A. Absolutely. Darren, I think it’s only possible to give yourself so freely when you absolutely 100 percent trust the person you’re working with as your director, because they are responsible for everything. In film it is absolutely a director’s medium and you are completely subject to their artistry, and Darren’s artistry is so extreme that I really felt free to try anything. And Benjamin similarly. You know, I think to be believable as a dancer, I just trusted in him fully to be honest with me, to choreograph in a manner that best flattered what I could do and best avoided what I couldn’t do, and really was catered to making it believable. And he was absolutely the key to credibility for the film, and that was fully on his shoulders.
Q. We’ve talked so much about dreams tonight and we’ve seen dreams come true. What is the next big dream you have and what is the dream that you have for your child?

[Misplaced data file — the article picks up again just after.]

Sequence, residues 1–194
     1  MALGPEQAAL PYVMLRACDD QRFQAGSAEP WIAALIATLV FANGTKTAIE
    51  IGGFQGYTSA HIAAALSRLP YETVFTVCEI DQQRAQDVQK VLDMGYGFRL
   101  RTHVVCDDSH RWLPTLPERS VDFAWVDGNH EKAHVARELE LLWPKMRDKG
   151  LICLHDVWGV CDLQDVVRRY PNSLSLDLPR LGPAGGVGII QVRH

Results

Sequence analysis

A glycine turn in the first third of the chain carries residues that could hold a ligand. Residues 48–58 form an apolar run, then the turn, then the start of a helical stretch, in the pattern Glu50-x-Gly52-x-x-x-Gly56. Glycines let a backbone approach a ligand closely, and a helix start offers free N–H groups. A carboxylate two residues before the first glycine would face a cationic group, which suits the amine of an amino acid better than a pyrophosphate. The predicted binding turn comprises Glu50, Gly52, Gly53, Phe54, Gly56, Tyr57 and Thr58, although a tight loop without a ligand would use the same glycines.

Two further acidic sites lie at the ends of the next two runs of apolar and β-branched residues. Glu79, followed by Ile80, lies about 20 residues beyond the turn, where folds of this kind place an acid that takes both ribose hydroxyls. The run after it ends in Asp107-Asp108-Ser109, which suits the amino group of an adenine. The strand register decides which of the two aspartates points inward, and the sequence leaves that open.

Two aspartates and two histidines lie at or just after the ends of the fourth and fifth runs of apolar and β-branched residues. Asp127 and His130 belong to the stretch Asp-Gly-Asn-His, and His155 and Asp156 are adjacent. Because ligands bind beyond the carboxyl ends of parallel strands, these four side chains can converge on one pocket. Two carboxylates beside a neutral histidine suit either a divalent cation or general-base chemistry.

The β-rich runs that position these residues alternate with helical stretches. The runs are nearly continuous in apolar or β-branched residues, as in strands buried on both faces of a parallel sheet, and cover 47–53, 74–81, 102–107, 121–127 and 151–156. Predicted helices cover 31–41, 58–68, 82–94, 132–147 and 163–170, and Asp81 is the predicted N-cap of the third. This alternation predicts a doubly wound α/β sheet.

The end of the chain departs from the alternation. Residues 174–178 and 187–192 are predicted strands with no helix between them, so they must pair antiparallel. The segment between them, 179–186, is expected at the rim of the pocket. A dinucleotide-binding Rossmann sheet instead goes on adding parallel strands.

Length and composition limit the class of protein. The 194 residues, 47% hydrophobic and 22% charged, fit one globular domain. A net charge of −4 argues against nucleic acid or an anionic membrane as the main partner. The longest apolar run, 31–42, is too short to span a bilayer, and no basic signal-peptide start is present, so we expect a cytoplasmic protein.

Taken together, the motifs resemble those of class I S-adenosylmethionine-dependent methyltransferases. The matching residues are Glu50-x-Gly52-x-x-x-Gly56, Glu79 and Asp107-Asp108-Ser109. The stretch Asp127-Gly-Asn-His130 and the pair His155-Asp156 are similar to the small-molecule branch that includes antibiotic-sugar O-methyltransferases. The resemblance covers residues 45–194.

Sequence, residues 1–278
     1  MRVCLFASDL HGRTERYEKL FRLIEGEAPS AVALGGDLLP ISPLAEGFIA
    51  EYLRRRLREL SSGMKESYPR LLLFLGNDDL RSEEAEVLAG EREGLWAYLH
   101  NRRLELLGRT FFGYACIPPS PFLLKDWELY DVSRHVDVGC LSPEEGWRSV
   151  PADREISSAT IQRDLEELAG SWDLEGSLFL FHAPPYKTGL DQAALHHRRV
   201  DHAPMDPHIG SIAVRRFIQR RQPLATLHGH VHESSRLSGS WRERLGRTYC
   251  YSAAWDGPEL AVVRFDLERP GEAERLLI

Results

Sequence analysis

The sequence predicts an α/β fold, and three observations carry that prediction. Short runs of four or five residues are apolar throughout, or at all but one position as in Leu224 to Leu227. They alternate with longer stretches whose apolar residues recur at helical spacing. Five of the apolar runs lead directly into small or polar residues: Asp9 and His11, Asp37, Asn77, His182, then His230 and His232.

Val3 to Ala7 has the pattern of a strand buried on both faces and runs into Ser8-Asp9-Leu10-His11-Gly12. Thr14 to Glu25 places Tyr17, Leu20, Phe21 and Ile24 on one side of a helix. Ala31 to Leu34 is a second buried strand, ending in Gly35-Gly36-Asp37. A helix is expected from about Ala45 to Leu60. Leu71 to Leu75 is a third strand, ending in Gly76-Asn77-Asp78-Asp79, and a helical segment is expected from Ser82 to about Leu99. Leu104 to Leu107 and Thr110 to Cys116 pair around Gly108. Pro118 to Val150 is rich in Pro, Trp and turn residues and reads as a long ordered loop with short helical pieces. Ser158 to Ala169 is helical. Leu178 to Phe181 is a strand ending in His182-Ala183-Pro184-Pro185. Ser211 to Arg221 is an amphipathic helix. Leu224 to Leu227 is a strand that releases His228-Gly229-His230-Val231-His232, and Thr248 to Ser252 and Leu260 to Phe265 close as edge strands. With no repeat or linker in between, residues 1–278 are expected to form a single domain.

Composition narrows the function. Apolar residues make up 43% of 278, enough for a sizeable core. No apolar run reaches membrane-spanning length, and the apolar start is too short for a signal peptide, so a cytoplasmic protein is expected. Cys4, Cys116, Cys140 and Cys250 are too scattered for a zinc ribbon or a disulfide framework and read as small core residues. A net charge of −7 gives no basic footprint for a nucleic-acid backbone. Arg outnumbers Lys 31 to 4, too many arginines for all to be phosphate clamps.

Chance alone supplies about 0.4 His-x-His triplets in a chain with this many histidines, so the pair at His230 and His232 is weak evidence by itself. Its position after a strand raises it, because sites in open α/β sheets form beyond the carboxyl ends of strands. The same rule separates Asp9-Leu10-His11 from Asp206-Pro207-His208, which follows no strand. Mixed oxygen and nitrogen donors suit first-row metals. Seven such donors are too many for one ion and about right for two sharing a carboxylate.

A. The next dream I have in terms of very short term future is staying in bed, not having to do my makeup or hair, and keeping my sweats on, relaxing. And for my child, I mean, just to be happy and healthy I think is what every parent could ever wish for. Thank you.
======END TRANSCRIPTION======Tagged in: BS, hollywood
Recent Posts on Arts
- Friday Book Design Blog: Here
- A shouting economic adviser, a Nobel Laureate and a rock star scientist on stage at the Jaipur lit fest
- Children’s book blog – the last post!
- Children’s books for December: Herman’s Letter, The Yeti Files, Greenglass House and Winter Damage
- Friday Book Design Blog: The Ariel Poems, and other seasonal pamphlets
Latest from Independent journalists on Twitter